On May 14 management consulting giant McKinsey & Co. announced the acquisition of LUNAR, the venerable ID firm based in San Francisco. Known for their work with dozens of Silicon Valley stalwarts, LUNAR has a tradition of design and engineering going back 30+ years. This is another example of the evolution of the design industry, as businesses across the board continue to acknowledge the value design brings to the table.
There are plenty of recent examples of larger companies purchasing design studios, high-profile individual designers being hired by unexpected suitors, and of course and the ongoing commitment from many in the Fortune 500 to build large, in-house design organizations. These days it is not enough for a company like McKinsey to recommend that a client embrace and integrate design into their offerings, they must also ensure that these recommendations are enacted. And with LUNAR in their stable they can now do just that.
John Edson, LUNAR's president, took the time to provide some insight into what this deal means for them and for the business.
Stuart Constantine: In your press release you state: "While we are becoming part of the McKinsey family, we will also remain LUNAR. Better but not different. Our brand and studios will continue to thrive as they do today as the foundations to the most important sources of our creativity: our people and culture." Can you expand on this? Why is this important? Maybe explain a bit about the culture there at Lunar?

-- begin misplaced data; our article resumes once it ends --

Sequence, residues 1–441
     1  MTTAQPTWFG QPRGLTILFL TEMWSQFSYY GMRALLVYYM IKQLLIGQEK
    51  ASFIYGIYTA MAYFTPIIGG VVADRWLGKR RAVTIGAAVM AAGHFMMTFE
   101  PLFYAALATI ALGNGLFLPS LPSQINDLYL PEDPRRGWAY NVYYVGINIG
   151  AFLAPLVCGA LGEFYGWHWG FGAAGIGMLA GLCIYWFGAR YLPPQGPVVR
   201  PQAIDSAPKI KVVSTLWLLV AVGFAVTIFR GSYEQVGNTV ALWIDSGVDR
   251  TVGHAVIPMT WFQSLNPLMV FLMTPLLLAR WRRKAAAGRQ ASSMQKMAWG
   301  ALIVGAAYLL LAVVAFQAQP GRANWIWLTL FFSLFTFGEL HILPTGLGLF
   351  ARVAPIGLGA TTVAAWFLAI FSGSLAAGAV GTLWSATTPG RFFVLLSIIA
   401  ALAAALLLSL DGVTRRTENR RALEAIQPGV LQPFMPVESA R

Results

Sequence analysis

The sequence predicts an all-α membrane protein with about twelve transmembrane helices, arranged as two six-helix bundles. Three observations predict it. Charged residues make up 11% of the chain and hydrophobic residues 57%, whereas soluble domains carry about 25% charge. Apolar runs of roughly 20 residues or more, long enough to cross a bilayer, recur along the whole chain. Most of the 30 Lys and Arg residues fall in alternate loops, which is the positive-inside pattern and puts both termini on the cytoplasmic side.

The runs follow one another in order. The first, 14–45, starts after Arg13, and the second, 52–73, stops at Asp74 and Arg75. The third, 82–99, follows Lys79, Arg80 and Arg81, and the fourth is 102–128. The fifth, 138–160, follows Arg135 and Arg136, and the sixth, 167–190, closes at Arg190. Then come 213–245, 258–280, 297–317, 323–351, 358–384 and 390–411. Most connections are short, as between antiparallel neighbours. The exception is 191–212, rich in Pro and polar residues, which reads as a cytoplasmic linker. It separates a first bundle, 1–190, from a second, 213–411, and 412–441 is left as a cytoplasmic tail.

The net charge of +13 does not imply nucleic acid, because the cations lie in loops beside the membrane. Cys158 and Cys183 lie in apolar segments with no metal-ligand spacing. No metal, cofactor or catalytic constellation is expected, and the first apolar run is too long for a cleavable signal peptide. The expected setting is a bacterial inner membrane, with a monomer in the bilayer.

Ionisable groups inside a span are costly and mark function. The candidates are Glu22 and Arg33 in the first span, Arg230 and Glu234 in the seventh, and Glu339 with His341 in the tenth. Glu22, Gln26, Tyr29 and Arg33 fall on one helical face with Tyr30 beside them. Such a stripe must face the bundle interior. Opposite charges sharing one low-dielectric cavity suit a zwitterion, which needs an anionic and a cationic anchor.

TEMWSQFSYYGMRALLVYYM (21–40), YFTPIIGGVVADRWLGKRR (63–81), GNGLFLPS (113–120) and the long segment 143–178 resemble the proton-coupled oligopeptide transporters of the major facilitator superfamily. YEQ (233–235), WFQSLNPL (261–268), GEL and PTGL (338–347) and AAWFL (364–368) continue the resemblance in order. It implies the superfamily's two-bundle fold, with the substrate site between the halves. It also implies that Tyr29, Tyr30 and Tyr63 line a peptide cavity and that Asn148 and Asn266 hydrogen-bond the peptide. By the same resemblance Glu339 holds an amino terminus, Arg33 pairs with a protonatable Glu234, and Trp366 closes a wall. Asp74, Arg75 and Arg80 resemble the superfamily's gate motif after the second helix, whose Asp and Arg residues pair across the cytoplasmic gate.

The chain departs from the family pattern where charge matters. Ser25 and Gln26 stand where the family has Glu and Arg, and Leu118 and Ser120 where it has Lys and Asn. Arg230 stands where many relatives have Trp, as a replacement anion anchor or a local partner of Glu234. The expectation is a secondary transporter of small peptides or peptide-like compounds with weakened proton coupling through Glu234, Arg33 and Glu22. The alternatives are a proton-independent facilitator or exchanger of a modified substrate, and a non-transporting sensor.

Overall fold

John Edson: In our view, creative designers and engineers are looking for three dimensions in a great job, in no particular order: people, place and purpose. Thanks to founders Jeff Smith and Gerard Furbershaw, LUNAR has always been filled with great people. In 1984, it was pretty unusual to find a design firm that placed so much importance on the individual and their contribution. When I started at LUNAR, we rotated the duties of washing the dishes, and the founders took their turns just like everyone else. It's a small thing, but it signals a larger thing. This teamwork culture at LUNAR is part and parcel with the creativity we bring to client work. We work together to create impact for clients, and there is no single star. Today the star is this person, tomorrow it's that person.
In terms of "place," we all know how inspiring it can be to work in a wonderful space. And that goes beyond great architecture. Do I have the tools that are so good, they are fun to use? Do I get to have ownership in my nest? People love being in our studio, and it's crucial to us that we keep and improve our aspiration. McKinsey offices are beautiful with amazing views, but they are for a different purpose and a different kind of work. We'll be staying in our places because they are built as creativity factories, and that's crucial to who and how we are.
Perhaps most important to our team is whether the work is meaningful—and that can be challenging, because everyone has their own "meaningful." But in general, these are the kinds of questions that we hear over and over: Are the projects important, and are they improving lives or the environment? Will we be proud of the work we're doing? Are we working in a context where our creativity is valued? Or perhaps more honestly at some level, does the work have the potential to make the magazine cover and be the subject of conversation in the design community?
Because we need and want to attract the most creative and talented people, we will be working hard to work on the most meaningful things with a focus on developing our team and having fun in the process. I can tell you that in our first experimental projects working together, there is plenty to look forward to in this regard. Sorry that I can't be more specific than that. Either you believe in the possibilities or you have to see it to believe it.